Provisioning a Raspberry Pi using ansible

These are my notes on how to get started provisioning Raspbian with ansible.

Before using ansible

We have to get a working Raspbian installation before using ansible on the device.

Installing Raspbian

The first step is downloading and installing Raspbian in the SD card you're going to use in the Pi. You can find the Raspbian image here: Prefer the "lite" image, as it allows you to start from a cleaner point.

To install the image, use an adapter to plug the SD card into a computer. You can figure out the /dev/ device that got assigned by using lsblk before and after plugging the card. Let's assume it got assigned to /dev/sdc, for the sake of illustration. The next step is writting the Raspbian image to it:

unzip -p * | sudo dd of=/dev/sdc bs=4M oflag=dsync status=progress

You can now insert the card into the Raspberry Pi board.

Initial Raspbian setup

Raspbian comes with a initial user pi, password raspberry, that can use sudo freely. ssh is installed, but disabled. Changing the password and enabling ssh are the next steps, in a console session that should look like the following:

> raspberrypi login: pi
> Password:
> Changing password for pi.
> (current) UNIX password:
> Enter new UNIX password:
> Retype new UNIX password:
> passwd: password updated successfully
sudo systemctl enable ssh.service

Alternative initial setup

Another way to do the initial image setup is by mounting in your system and changing the required files before writting it in the SD card. To mount the image:

  • Extract it from the zip file:
    unzip *-raspbian-*
  • Using losetup, map the file to a loopback device, and list the loopback devices to figure out where it was mapped:
    sudo losetup -f *-raspbian-*-lite.img
    sudo losetup -l
    > /dev/loop0         0      0         0  0 *-raspbian-*-lite.img   0     512
    From here on we assume that the file was mapped to /dev/loop0.
  • Tell the kernel to make the partitions available at /dev/ using partx, figure out where they are using lsblk:
    sudo partx -a /dev/loop0
    lsblk /dev/loop0
    > loop0       7:0    0  1.8G  0 loop
    > ├─loop0p1 259:0    0 43.8M  0 loop
    > └─loop0p2 259:1    0  1.7G  0 loop
  • Mount the partition in a temporary directory:
    mkdir rpi
    sudo mount /dev/loop0p2 rpi
  • You can now modify the files in the rpi directory. Use openssl passwd -1 <password> to get the string to use in the etc/shadow file as the password of the pi user. You can also change also change the name of the user, just be careful to change it everywhere needed:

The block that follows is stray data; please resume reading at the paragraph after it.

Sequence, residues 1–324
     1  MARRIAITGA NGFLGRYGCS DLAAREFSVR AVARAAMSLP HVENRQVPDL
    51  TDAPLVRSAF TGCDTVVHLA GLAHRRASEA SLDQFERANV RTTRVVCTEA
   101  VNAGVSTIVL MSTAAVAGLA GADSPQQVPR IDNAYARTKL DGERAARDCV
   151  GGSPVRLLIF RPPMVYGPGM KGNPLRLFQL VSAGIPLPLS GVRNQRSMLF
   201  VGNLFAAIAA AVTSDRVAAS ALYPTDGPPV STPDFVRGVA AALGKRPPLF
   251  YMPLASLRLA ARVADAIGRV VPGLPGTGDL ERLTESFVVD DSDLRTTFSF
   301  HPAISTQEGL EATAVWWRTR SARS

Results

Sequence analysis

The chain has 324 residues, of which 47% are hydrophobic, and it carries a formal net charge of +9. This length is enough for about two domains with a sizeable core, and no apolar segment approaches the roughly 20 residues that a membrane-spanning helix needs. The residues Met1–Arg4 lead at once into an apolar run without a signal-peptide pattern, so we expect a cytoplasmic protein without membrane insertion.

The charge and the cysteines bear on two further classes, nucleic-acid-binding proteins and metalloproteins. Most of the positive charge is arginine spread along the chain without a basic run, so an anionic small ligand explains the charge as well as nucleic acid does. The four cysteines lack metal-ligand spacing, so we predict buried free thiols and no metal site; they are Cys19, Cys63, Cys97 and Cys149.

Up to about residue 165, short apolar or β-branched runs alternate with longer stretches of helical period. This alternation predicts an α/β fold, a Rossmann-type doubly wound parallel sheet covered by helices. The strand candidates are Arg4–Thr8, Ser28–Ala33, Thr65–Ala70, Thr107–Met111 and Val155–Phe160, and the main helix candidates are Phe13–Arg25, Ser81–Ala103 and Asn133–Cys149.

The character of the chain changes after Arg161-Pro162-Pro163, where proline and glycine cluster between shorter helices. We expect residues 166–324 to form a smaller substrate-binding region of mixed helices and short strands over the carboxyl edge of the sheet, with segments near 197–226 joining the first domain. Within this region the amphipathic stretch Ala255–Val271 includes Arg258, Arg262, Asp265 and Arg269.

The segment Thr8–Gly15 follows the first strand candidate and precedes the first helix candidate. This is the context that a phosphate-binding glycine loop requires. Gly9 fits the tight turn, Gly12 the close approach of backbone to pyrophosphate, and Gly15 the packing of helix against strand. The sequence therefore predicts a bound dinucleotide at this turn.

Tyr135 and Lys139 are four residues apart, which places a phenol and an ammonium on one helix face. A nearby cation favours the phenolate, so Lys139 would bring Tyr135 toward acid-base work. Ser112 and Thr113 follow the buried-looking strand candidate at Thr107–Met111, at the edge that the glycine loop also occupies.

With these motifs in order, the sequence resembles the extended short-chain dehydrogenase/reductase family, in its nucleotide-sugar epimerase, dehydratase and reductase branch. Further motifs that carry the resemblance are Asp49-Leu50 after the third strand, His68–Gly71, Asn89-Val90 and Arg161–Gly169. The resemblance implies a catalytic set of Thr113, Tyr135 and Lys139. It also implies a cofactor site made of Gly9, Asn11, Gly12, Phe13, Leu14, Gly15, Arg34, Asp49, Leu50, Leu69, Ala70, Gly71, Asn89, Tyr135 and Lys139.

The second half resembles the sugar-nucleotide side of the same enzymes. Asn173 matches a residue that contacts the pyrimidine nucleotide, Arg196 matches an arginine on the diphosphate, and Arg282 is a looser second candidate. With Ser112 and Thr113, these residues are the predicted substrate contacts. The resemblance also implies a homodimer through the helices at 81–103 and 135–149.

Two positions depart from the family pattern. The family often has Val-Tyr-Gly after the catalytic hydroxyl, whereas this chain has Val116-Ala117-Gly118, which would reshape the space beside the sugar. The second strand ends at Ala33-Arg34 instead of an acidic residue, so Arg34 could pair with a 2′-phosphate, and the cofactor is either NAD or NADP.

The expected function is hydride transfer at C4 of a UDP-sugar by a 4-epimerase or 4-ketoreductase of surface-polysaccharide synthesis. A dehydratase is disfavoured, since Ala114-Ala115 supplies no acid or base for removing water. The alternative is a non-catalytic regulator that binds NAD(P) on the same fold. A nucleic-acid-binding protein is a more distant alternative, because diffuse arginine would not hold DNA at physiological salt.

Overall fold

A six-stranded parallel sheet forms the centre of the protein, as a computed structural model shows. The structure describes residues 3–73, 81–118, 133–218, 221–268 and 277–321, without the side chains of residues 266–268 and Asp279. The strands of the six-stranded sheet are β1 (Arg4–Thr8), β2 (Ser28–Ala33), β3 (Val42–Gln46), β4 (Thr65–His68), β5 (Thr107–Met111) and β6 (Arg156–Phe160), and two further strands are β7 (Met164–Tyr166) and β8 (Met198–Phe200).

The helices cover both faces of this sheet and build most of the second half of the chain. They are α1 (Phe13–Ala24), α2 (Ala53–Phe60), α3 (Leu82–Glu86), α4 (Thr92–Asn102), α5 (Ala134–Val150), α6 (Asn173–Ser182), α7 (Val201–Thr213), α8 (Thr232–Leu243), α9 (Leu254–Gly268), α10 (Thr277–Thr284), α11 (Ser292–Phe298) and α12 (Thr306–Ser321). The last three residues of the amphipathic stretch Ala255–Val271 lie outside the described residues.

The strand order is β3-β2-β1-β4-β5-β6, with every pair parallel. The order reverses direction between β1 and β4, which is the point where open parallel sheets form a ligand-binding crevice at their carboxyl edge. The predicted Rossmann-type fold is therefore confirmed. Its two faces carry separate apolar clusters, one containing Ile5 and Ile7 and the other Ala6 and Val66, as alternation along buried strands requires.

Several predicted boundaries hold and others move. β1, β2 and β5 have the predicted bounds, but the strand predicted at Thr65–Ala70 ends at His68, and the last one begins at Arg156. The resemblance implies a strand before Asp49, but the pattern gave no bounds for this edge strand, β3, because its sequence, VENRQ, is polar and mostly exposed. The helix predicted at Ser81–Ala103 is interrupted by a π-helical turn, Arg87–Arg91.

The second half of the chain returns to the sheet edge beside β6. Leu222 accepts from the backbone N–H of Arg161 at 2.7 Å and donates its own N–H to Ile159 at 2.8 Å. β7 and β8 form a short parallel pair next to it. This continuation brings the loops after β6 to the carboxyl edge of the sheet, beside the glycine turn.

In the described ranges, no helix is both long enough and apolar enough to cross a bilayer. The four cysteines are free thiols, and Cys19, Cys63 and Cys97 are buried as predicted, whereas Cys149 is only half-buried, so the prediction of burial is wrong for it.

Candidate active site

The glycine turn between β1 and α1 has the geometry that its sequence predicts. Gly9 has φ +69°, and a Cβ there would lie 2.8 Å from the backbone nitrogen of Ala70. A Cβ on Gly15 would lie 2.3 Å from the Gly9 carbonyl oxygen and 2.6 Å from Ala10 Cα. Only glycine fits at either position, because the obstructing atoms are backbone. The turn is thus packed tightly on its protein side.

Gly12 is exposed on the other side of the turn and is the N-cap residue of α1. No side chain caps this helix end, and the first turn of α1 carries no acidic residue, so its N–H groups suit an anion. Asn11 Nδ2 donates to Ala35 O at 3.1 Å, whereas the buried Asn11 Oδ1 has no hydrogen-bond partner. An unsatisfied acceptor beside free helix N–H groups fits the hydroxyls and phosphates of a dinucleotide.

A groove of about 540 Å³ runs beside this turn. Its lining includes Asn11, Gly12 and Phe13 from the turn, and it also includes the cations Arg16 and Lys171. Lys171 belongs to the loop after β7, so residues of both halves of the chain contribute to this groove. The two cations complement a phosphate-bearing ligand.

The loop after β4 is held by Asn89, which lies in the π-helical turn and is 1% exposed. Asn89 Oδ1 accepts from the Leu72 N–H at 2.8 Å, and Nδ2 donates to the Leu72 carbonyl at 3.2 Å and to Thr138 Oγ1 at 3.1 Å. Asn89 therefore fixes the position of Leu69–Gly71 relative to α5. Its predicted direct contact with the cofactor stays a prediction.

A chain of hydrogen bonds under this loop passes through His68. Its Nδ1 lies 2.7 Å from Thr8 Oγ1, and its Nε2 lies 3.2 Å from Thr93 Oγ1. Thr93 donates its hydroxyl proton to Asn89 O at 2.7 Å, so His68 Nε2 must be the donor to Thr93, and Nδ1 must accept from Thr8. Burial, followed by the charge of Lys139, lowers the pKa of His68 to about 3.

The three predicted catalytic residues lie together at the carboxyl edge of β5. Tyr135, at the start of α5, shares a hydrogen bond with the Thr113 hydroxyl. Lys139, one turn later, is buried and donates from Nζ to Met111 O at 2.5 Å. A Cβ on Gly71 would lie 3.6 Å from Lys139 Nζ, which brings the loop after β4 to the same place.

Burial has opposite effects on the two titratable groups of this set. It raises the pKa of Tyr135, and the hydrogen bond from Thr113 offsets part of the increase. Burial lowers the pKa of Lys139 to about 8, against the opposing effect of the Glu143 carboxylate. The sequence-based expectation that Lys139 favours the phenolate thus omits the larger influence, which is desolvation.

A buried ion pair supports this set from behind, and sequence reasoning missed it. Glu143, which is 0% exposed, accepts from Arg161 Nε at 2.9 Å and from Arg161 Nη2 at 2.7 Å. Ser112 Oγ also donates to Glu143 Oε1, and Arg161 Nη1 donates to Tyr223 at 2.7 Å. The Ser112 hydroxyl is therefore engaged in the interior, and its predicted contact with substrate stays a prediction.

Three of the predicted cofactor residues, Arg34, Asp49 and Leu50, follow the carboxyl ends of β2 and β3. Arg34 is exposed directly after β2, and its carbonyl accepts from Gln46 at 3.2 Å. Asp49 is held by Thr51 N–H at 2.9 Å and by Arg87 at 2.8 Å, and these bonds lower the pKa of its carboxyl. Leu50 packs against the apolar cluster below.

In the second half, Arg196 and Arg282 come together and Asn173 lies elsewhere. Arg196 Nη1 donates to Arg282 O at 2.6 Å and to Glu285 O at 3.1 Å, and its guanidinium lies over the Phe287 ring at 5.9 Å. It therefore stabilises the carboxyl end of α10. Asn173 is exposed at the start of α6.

• /etc/passwd
    • /etc/shadow
    • /etc/subuid
    • /etc/group
    • /etc/gshadow
    • /etc/subgid
    • And rename /home/pi
    To enable ssh, you should create init and systemd links:
    sudo ln -s /lib/systemd/system/ssh.service rpi/etc/systemd/system/sshd.service
    sudo ln -s /lib/systemd/system/ssh.service rpi/etc/systemd/system/
    for d in rc2.d rc3.d rc4.d rc5.d; do (cd rpi/etc/$d; sudo ln -sf ../init.d/ssh S01ssh); done
    find rpi/etc/rc* -name 'K*ssh' -exec sudo rm {} +
    Other, security related things to do:
    sudo rm rpi/etc/sudoers.d/010_pi-nopasswd
    You can also change other things if you want. When you are done, proceed to the next item.
  • Unmount the partition, remove the temporary directory and unmap the loopback device:
    sudo umount rpi
    rmdir rpi
    sudo losetup -d /dev/loop0
  • Write the image to the SD card as before:
    sudo dd if=*-raspbian-*-lite.img of=/dev/sdc bs=4M oflag=dsync status=progress

Using ansible

You can now use ansible from any computer to provision the Pi. I'd recommend, though, using python3 as the interpreter on the Pi, as it has more modules available - *apt_repository*, for instance, is not directly usable with the default python2 interpreter.

A basic playbook that runs tasks as root looks like the following (save it as playbook-sudo-rpi.yml):

- hosts: all
  become: yes
  become_user: root
    ansible_python_interpreter: /usr/bin/python3
    - debug: msg="Ansible running in {{}}!"

Assuming that the playbook as available as playbook.yml, and that raspberrypi is a name that can be resolved to the device, you can run the playbook with the following command:

ansible-playbook -i raspberrypi, -u pi playbook-sudo-rpi.yml -K

(you can also replace raspberrypi with the actual IP address of the device)

Setting up Debian repositories

Because Raspbian is based on Debian and upstream Debian has support for the architecture of the Raspberry Pi B+, you can configure and use upstream Debian repositories and packages in the Pi. To do that, use the follwing snippet:

    - name: install apt pinning config
      copy: src=apt-pinning dest=/etc/apt/preferences.d/99pinning owner=root group=root mode=0644
    - name: install Debian apt key
      apt_key: url='' id='E1CF20DDFFE4B89E802658F1E0B11894F66AEC98' state=present
      notify: apt-update
    - name: install Debian apt repositories
      apt_repository: repo='deb {{item}} main contrib non-free' state=present
        - stable
        - testing
        - unstable
        - experimental
      notify: apt-update
    - name: apt-update
      apt: update-cache=yes

The apt-pinning file should contain something like the following:

Package: *
Pin: release o=Raspberry Pi Foundation
Pin-Priority: 600

Package: *
Pin: release o=Raspbian
Pin-Priority: 600

Package: *
Pin: release a=stable
Pin-Priority: 510

Package: *
Pin: release a=testing
Pin-Priority: 520

Package: *
Pin: release a=unstable
Pin-Priority: 150

Package: *
Pin: release a=experimental
Pin-Priority: 120